National Union of Teachers votes for strike ballot over academies plans

Teachers have criticised Government plans to increase the number of academies, arguing that there is no evidence that the move will improve teaching standards

Siobhan Fenton
Saturday 26 March 2016 18:01
Delegates vote on a motion during the National Union of Teachers conference at the Brighton Centre
Delegates vote on a motion during the National Union of Teachers conference at the Brighton Centre

Teachers will ballot for strike action after outright rejecting the Government's controversial academies plan.

Members of the National Union of Teachers (NUT), meeting at their annual conference in Brighton, voted overwhelmingly against what they consider to be the privatisation of the education system.

NUT executive member Ian Murch said the measures would see “schools stolen from their local communities”.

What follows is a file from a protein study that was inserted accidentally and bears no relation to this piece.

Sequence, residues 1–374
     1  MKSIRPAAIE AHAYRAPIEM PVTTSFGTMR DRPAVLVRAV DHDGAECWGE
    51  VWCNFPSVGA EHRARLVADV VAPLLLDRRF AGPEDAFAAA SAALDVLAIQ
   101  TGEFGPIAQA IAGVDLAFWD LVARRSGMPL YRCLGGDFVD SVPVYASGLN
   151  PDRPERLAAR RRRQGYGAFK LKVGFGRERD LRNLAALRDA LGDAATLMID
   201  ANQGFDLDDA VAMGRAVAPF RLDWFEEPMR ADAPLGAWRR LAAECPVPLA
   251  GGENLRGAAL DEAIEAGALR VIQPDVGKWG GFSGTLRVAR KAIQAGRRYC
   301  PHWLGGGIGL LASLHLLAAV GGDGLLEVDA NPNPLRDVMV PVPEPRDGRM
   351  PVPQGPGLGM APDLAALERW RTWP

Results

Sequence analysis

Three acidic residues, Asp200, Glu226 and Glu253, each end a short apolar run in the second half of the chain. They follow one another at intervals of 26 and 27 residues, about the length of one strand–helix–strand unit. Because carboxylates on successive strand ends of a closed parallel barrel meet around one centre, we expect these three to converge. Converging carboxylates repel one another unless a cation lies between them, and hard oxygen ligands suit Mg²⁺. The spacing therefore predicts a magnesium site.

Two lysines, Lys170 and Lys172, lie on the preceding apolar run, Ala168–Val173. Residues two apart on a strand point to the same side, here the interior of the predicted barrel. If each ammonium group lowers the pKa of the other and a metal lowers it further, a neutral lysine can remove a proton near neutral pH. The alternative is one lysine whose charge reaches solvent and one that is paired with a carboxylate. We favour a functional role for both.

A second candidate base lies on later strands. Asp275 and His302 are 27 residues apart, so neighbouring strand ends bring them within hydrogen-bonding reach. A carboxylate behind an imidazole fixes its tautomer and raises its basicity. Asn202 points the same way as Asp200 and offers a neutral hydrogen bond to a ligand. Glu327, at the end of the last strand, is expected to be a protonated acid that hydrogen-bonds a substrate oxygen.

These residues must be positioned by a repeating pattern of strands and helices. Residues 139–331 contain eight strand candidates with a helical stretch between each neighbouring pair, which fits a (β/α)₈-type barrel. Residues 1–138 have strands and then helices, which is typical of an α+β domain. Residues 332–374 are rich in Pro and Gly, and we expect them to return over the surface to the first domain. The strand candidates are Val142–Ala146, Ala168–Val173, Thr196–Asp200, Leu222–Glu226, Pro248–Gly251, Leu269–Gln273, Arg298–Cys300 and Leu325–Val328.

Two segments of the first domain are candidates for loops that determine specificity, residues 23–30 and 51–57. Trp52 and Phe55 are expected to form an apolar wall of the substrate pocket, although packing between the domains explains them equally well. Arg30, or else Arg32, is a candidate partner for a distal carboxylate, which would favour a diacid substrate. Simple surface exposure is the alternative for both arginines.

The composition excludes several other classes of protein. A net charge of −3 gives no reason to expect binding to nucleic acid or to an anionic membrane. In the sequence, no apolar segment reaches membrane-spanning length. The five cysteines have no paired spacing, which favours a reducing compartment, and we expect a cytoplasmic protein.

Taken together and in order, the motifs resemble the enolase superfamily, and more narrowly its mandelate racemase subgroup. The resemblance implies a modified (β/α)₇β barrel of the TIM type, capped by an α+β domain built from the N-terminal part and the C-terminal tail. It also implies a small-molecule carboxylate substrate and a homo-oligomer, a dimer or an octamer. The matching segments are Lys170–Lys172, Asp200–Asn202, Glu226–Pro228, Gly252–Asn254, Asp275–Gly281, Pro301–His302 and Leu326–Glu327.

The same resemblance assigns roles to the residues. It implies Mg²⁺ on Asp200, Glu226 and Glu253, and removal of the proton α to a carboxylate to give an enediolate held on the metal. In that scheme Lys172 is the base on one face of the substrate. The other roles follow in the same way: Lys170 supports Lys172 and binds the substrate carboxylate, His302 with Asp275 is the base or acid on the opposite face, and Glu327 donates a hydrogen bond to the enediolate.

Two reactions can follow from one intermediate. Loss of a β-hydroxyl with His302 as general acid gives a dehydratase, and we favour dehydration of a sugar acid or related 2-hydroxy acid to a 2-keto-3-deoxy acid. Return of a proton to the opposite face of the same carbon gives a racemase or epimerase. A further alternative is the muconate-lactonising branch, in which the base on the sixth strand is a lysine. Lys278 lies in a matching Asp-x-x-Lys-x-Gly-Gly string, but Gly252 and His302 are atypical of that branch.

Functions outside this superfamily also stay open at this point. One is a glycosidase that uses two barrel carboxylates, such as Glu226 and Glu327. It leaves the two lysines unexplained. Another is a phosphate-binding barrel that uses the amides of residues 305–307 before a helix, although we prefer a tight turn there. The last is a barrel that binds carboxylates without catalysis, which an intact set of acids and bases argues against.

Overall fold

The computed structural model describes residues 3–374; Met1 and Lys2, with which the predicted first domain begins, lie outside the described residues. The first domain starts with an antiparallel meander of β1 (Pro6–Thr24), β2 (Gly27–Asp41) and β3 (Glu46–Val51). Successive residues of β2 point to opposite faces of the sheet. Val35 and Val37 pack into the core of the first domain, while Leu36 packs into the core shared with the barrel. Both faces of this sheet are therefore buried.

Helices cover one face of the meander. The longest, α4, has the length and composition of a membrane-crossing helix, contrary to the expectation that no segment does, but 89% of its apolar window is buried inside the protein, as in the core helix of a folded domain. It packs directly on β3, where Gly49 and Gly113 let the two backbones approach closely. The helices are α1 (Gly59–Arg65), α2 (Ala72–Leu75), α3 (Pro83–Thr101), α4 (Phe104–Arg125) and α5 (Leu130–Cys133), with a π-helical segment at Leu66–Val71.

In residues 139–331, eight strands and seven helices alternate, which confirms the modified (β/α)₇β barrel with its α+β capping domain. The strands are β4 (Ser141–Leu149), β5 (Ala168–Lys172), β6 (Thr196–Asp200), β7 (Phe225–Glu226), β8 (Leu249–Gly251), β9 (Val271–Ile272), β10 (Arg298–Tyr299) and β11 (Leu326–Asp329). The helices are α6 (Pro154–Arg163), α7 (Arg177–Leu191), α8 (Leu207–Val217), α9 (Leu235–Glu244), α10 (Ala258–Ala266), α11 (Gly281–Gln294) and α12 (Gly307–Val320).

He said: “We will stand up for pupils, for patients and for teachers, and we will lead the campaign for sanity. We will fight the forced academisation of our schools.

“We will fight for what is right and we will fight until we win.”

Members voted against the Government's education white paper, and also agreed an amendment to ballot for strike action.

This is likely to include proposals for a one-day strike in the summer, as well as potential for further strikes, should members agree.

Earlier today, Education Secretary Nicky Morgan addressed the NASUWT conference in Birmingham, telling delegate that plans for academies would not be stopped. She said: "I want to be clear there will be no pulling back from that vision, there is no reverse gear when it comes to our education reforms. There isn't another government just around the corner, to be frank. Teaching unions have a choice- spend the next four years doing battle with us and doing down the profession they represent in the process, or stepping up, seizing the opportunities and promise offered by the white paper and helping us to shape the future of the education system."

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